Divorce. I have experienced it. I am a father of five—three boys with my first wife and two children with my current wife of almost 19 years. I am also a therapist who has worked with hundreds of parents and children after divorce and can attest to the fact that the way a family “does” divorce determines what longer-lasting effects the divorce will have, especially on the children.
Looking back, I can best describe my divorce experience with a visual. Imagine being at home with your family. It’s nighttime and everyone is getting ready for bed. You become aware of the threat of severe weather heading your way. You monitor the radar and coverage, but the severe weather still seems a long way off. After taking some precautions, you surmise that it's okay to go to bed. Later, while everyone is asleep, the severe weather strikes with great force and before you have time to react, it’s over. You jump out of bed and rush out the bedroom door to find that your family home is devastated. Your immediate attention goes to your children; they appear to be okay physically, but they are shell-shocked, crying, and visibly upset. You take the time to comfort them, assuring them that everything will be okay. You thank God that nobody was physically hurt. A little while later, you begin assessing the damage and pick up the pieces of what was once your life. It’s emotionally overwhelming, but you push forward. That is how I experienced divorce. It was the most difficult experience that I have had to go through in my life.
It took everything I had and more to rise above the devastation, hurt, and sadness of my divorce to ensure that I could minimize the damaging effects it would have on my three children. I prayed to God for strength because with divorce comes emotional baggage that, for a time, can hinder a recently divorced couple's ability to co-parent. However, the need to set aside our hurts is critical to a parent’s ability to co-parent in a way that minimizes emotionality and focuses on what’s best for the child. Both parents need to filter all their words and actions through the question, “How will this impact/affect my child?”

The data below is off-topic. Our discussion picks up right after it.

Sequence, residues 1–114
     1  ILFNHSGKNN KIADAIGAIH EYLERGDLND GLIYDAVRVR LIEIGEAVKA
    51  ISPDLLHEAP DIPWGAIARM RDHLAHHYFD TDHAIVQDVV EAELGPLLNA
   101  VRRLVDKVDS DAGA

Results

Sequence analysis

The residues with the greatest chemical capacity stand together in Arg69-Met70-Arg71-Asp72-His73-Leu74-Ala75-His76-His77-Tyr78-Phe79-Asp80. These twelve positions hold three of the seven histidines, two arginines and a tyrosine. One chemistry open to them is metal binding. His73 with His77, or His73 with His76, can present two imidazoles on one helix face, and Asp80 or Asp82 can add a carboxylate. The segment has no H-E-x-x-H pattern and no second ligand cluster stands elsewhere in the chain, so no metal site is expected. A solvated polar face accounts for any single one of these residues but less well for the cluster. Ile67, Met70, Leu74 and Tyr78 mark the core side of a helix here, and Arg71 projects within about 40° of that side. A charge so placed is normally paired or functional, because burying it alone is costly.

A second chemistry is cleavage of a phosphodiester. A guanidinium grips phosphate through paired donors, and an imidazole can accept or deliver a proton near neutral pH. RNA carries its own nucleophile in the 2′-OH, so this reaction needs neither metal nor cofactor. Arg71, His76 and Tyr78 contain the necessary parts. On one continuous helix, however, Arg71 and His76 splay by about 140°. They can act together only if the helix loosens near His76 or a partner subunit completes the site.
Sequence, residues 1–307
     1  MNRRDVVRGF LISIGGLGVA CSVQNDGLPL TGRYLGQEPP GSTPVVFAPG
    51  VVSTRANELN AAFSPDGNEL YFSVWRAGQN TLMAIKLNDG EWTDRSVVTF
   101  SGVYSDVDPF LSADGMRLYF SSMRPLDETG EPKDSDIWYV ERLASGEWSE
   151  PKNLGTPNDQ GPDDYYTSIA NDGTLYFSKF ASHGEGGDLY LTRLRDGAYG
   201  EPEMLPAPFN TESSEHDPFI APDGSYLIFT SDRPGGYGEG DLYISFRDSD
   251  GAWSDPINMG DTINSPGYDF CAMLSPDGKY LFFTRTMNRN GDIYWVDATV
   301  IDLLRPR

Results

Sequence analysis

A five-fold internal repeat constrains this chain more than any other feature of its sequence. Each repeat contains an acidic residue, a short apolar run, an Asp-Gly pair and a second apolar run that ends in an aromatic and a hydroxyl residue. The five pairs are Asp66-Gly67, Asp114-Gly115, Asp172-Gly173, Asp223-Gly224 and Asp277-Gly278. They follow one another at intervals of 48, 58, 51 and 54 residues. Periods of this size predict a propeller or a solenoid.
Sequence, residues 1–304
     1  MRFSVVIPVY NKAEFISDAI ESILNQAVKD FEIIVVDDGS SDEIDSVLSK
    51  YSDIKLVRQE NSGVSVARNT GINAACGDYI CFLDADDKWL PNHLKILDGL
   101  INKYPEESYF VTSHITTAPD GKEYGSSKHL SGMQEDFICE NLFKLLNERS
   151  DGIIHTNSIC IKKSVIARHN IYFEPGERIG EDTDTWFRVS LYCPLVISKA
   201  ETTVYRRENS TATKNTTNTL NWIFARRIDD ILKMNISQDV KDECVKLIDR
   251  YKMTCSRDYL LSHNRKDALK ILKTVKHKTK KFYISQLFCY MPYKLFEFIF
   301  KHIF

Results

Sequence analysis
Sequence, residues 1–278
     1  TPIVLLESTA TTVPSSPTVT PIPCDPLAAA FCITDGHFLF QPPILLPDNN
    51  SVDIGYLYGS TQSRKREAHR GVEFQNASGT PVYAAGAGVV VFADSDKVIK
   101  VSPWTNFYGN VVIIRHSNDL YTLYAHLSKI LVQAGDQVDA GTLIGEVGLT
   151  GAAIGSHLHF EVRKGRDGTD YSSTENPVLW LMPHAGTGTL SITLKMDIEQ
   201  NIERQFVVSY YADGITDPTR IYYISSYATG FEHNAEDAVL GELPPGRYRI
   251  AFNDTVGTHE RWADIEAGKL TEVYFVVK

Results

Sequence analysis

In summary, divorce is traumatic and WILL influence your children in many different ways. Children are resilient and will survive, but the quality of their emotional life will depend greatly on how you as their parent “do” divorce. I am grateful that our adult boys and grandchildren can enjoy life experiences like family gatherings and soccer games with my ex-wife and I both in attendance. Knowing they see the respect, love, and care we can still have for one another, in spite of being divorced, makes all the work it took to get here worthwhile!
Rev. Dr. Steven Koster